Dirty Laundry: Cleaning up Your Carbon Footprint

By Natalie Camrud '17 and Diva Gattani '17
Fashion Columnists

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The other day I saw something pretty appalling in the laundry room. I opened up a washing machine, only to find three items inside! So much water and energy wasted, just to clean three tiny items. Most people don’t realize this, but up to two thirds of a garment’s carbon footprint occurs AFTER you take it home. There are a few ways to reduce this footprint. You should only wash your clothes when you absolutely need to. I know, you finally have a legitimate excuse to be lazy and not wash that pile of clothes in the corner. (Mom, I’m doing it for the environment. OK?) If you drop something on your clothes, consider applying a spot cleaner (like vinegar and club soda) and then rinsing it in the sink. One super cool trick is putting jeans in the freezer. Just bag your jeans and stick them in the freezer for a day; it will kill bacteria and odors and keep them in good condition. Traditionally, jeans are not supposed to be washed unless absolutely necessary, since washing jeans causes them to lose their shape and color.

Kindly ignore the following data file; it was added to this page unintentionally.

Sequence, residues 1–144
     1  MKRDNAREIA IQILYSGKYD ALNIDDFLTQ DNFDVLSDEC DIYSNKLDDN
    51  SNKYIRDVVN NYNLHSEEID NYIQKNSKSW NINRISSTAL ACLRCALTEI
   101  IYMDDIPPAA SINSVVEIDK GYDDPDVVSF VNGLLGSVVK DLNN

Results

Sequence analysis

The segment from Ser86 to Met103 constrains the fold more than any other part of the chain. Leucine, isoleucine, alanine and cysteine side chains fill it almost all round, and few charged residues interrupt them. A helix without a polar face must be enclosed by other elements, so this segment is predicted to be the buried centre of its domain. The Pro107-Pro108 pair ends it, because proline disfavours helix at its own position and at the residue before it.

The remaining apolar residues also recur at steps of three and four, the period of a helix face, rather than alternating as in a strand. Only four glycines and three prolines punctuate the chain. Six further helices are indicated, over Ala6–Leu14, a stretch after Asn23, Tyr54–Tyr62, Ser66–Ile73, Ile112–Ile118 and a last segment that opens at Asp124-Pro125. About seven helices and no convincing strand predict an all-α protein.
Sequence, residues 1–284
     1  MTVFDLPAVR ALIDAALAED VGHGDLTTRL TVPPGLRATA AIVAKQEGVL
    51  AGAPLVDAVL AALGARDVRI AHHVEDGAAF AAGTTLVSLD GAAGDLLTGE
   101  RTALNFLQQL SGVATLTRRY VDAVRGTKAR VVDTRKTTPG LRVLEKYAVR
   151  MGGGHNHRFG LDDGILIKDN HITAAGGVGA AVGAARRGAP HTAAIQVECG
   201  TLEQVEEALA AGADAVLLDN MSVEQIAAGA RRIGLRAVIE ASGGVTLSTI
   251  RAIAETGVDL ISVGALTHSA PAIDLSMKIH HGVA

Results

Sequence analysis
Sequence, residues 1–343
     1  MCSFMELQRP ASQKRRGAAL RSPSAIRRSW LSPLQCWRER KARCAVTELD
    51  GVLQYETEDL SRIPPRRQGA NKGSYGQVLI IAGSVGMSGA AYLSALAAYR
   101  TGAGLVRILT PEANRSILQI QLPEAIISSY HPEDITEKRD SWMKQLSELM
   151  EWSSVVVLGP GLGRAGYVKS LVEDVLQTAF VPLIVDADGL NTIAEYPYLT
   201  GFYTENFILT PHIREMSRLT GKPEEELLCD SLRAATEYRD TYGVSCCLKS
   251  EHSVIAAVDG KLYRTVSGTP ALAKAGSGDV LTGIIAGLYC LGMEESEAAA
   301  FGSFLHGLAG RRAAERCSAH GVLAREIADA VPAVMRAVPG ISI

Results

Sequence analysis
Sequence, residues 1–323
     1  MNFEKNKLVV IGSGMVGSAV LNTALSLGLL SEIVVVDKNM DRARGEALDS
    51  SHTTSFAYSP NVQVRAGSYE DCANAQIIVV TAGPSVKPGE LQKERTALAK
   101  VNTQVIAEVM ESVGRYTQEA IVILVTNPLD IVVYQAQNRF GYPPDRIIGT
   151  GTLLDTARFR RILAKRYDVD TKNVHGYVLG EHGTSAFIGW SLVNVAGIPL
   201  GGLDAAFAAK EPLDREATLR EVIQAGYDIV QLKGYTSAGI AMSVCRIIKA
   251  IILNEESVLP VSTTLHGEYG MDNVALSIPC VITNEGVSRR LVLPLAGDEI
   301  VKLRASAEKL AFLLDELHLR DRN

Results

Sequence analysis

When you do wash your clothes, wait until you have a full load of dirty clothes and then wash them in cold water. Something as simple as switching from hot to cold water can save 500 pounds of CO2 from entering the atmosphere every year. It also keeps your clothes from wearing out as quickly. In the dorm laundry rooms, the “bright colors” setting will use cold water. Once your clothes have been washed in cold water, skip the dryer and hang them up to dry! You can save 700 pounds of greenhouse gases every year by doing so, plus it looks vintage and cool. It will also save you some Claremont Cash. What’s not to love?

Now let’s talk about what you’re washing your clothes with. Conventional laundry detergents contain a lot of harmful chemicals, such as SLS (sodium lauryl sulfate), NPE (nonylphenol ethoxylate), and phosphates. These can remain on your clothes after washing and soak into your skin over time. These chemicals also get washed into waterways, which harms the environment. The scary part is that most detergents don’t list all their ingredients because, by law, they are not required to. They use vague terms like “fragrance” or “brightener” to cover up more sinister things. Luckily there are better brands that are available; just look for brands that say dye free, fragrance free, phosphate free, biodegradable, not tested on animals, etc. If you love having scented clothes (as I do), then you can add a few drops of your favorite essential oil to the detergent before washing.

For more information on the topic, check out www.thereformation.com/about-us#healthy-dressing